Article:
We can then assume that a “stressor” can be considered good, bad or maybe even both in some regards depending on how you’ve adapted and continue to do so throughout your life. In fact, stress has very precisely evolved and crafted us towards becoming what is human and this includes the very fundamental mechanisms from which we are able to have life — including our breathing system as we’ll discuss in my next article. Deeper and implicitly traumatic cases aside, it is often not the specific stressors themselves that create a problem so much as long as we deal with them in a timely and holistic manner. It is the summation of total stress load or the unknowing consistency of common every day stressors that literally drive our brains crazy and suck us dry of cortical real estate and processing power.

The very brain mechanism that allows us to consciously mitigate the stress response is still very young in terms of it’s own functional evolution (components of the neo-cortex, specifically the pre-frontal cortex for you science fans). Because we’re still very much predominantly animals, and operate with mostly subconscious processing systems, our ability to tactfully respond to and cope with stress is heavily skewed towards our quicker more powerfully fear driven sympathetic system (parts of the brain’s limbic system, specifically the amygdala for you science-y folk). We struggle mightily to deal with a world culturally evolving at an impossibly fast pace, governed by the westernized world’s appeal to accumulate quick and endless pleasures, things that once promised to ‘make the world a better place’ or to ‘make life better in and of itself’.

In addition to having a leveraged prejudice towards our primitive origins in a world that wants to “grow up” too fast, we must also consider the fact that we have trouble distinguishing psychological threats from real ones. Our unique capacity to internalize stressors and then transform them into the most overwhelming of complex mental projections puts us at a huge disadvantage towards maintaining any semblance of sanity. It is during these times that the fragility of our mind takes flight, a drastic course, and worlds away from the very mindfulness that might have evolved us to use rationality in the first place.

Lastly, before we delve into the physical components of what I’d like to talk about in the next article, I have to mention the fact that our brains are very plastic. As mentioned before, we have the most miraculous ability to learn and unlearn things until the day we die. This is true with our stress response as well. If we’re not mindful of how we’re dealing with stress and/or of what we’re doing to manage these same stressors (and total stress loads), we can potentially learn to become really awesome at learning how to not deal with stressful situations (or even recognizing them). From a neurophysiological perspective, the “stress pathways” in our brains can become more abundant in number while also becoming more potent firing patterns. Throw in the adage of “what fires together, wires together” in the brain and you’ve created an incredibly vast spider web of nasty interconnected brain-associations. Where what once was perceived as normal then laterally shift towards stress being habitual and common, it puppeteering it’s influence upon everything about you. Thus stress becomes increasingly difficult to both recognize and to disassociate from. However…there is indeed hope. Just as we have the infinite capacity to learn new things and rewire our brains, we can also unlearn those same responses by learning to effectively deal with stressors and pulling focus away from the “bad” stuff. We do this by leveraging the things that create mindfulness and by creating an environment where you and your nervous system are able to perceive safety and balance. Without safety and balance, our minds and psychologies become twisted, torqued, torn, with an unfathomable craving for novelty and variety (you will see that this is also equally influenced in conjunction with our bodies, in part 3 of this series).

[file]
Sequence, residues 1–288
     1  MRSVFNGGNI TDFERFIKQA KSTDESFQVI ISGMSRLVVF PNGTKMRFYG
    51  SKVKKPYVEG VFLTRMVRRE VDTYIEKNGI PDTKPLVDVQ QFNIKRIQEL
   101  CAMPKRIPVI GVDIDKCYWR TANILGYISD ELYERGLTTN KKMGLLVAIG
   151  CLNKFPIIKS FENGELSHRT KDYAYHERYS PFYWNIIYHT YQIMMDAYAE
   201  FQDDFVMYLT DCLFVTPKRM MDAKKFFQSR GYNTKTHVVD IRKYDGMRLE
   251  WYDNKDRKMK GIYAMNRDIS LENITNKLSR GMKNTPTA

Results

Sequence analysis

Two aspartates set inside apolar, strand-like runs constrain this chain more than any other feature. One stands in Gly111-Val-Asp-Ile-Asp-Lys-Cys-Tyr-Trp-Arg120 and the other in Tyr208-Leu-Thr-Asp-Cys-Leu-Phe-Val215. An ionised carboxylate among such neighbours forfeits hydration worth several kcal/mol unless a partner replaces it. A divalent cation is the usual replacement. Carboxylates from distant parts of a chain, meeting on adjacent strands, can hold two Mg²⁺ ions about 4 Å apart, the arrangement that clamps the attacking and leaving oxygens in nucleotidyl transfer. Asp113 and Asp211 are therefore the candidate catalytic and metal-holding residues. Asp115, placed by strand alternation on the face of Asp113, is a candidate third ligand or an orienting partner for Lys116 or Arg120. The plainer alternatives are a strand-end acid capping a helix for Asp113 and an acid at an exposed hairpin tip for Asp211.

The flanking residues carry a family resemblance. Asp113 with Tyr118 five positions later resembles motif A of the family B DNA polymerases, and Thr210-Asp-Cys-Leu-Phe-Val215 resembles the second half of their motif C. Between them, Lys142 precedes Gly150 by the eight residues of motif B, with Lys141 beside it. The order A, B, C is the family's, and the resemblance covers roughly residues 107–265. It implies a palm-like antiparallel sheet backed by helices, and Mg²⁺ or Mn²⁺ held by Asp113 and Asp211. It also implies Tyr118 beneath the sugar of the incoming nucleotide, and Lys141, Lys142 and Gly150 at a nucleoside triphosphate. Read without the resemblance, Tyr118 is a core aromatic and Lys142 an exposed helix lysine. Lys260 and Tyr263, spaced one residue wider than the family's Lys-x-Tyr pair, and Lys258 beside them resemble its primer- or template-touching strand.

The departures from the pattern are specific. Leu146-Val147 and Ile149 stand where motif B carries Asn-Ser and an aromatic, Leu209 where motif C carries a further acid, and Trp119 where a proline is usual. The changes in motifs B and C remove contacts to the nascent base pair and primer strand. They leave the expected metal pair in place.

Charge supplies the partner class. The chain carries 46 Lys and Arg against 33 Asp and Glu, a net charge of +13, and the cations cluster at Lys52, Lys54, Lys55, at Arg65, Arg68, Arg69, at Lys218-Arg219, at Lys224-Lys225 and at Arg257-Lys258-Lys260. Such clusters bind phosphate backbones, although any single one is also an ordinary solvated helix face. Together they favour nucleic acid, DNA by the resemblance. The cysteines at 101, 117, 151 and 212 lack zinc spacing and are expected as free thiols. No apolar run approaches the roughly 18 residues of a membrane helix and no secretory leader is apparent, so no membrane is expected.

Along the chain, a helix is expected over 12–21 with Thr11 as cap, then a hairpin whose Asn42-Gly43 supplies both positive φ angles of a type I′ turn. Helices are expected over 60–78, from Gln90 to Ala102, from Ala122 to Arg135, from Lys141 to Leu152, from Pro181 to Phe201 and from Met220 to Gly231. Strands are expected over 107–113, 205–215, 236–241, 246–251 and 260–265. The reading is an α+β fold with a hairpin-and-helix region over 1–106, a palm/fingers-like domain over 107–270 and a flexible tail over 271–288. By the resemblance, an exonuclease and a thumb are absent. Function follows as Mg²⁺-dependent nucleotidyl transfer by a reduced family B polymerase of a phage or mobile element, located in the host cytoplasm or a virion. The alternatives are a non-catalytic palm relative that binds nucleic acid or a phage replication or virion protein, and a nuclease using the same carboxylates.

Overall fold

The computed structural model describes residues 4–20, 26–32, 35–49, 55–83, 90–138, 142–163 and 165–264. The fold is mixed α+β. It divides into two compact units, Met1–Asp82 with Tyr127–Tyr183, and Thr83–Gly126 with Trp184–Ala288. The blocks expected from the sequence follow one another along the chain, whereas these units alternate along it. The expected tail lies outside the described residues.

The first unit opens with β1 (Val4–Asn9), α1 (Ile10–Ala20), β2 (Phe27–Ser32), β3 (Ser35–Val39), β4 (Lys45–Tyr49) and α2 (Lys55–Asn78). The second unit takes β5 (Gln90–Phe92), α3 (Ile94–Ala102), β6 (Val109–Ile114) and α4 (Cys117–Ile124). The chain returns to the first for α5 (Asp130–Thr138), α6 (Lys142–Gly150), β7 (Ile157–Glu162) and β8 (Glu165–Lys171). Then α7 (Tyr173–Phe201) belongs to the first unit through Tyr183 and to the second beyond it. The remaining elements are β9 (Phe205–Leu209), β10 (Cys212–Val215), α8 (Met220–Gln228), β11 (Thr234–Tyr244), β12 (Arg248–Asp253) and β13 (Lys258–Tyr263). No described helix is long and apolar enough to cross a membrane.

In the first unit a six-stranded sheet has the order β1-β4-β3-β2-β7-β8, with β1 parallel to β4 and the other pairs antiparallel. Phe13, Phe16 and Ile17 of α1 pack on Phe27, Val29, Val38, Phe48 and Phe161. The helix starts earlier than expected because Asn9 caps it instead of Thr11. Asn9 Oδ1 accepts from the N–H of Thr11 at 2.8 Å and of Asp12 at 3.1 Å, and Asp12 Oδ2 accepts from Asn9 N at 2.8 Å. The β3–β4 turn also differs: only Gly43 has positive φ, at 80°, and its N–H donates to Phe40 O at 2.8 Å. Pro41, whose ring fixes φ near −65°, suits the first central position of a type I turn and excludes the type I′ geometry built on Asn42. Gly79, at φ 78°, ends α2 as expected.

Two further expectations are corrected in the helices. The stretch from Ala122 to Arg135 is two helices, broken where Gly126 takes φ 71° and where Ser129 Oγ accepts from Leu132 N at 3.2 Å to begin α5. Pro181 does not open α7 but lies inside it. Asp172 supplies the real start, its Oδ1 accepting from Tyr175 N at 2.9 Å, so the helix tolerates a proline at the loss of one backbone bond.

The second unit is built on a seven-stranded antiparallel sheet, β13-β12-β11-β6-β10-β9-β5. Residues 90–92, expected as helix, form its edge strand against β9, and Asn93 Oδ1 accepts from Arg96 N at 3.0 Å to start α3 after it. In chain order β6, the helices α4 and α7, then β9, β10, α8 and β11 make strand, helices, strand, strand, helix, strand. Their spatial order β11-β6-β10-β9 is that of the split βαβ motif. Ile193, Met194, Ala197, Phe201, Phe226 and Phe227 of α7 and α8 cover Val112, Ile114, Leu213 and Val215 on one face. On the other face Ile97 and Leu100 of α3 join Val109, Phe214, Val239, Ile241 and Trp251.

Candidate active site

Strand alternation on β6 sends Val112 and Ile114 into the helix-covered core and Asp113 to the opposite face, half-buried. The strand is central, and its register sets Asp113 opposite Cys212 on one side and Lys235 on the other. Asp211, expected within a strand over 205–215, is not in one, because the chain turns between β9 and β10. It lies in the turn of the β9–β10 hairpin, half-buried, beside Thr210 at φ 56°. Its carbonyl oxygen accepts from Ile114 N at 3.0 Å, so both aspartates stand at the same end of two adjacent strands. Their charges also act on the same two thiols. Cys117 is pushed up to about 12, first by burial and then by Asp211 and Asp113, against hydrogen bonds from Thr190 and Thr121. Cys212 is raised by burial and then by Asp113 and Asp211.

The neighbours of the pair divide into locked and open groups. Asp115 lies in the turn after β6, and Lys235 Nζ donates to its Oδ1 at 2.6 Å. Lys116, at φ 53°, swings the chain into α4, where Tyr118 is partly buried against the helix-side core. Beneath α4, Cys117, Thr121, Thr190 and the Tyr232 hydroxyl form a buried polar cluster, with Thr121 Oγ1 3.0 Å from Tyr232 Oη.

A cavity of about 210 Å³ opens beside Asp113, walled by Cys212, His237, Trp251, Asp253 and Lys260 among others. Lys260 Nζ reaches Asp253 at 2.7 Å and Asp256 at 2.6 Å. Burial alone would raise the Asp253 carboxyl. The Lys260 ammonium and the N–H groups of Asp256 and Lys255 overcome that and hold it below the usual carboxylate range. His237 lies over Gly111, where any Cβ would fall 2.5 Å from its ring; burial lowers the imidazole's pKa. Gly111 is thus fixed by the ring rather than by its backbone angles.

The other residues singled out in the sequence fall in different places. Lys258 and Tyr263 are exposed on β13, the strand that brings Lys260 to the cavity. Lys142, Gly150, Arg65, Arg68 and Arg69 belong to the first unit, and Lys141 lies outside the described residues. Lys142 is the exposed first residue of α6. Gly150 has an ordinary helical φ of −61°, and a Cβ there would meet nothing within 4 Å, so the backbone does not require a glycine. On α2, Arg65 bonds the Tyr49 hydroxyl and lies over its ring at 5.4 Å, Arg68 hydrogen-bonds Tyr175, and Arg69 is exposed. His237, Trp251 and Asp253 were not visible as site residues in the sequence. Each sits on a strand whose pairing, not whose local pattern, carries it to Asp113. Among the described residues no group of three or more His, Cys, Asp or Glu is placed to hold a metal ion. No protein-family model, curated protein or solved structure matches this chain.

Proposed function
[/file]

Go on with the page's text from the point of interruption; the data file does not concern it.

The mere act of mindfulness allows us to perceive the world differently because we’re able to facilitate a more parasympathetic way of being, on our own terms. (TWEET THAT SHIT!) By listening to the internal sensations and thoughts of our body and mind, we are able to make choices and influence the way that we bias environmental information and inputs. What better way to do this than by accessing the very singular mechanism of the Nervous System that we can consciously control—you guessed it: breathing. Breathing and mindfulness training allows us to bring the focus back to us, and put our attention to what is both most necessary and important for us to survive and thrive. This allows us to unlearn any of the not-so-awesome habitual stress patterns while also find resolution in learning more “optimal” ways of handling these things

Now that we hopefully have a brief but better understanding of how the brain changes in relation to stress and how the current world conversely affects us, we can next expound upon the structure of both the body and brain. We will see how asymmetries of both, unified in process, are vital yet exploited by the modernity’s in which we live. Breathing anatomy and the influence of gravity and position, both very influential body-brain inputs, will be discussed in depth with Part 3 of this series. Until next time, keep breathing (and enjoy the extra picture of these puppies—I thought you’d like that). ☺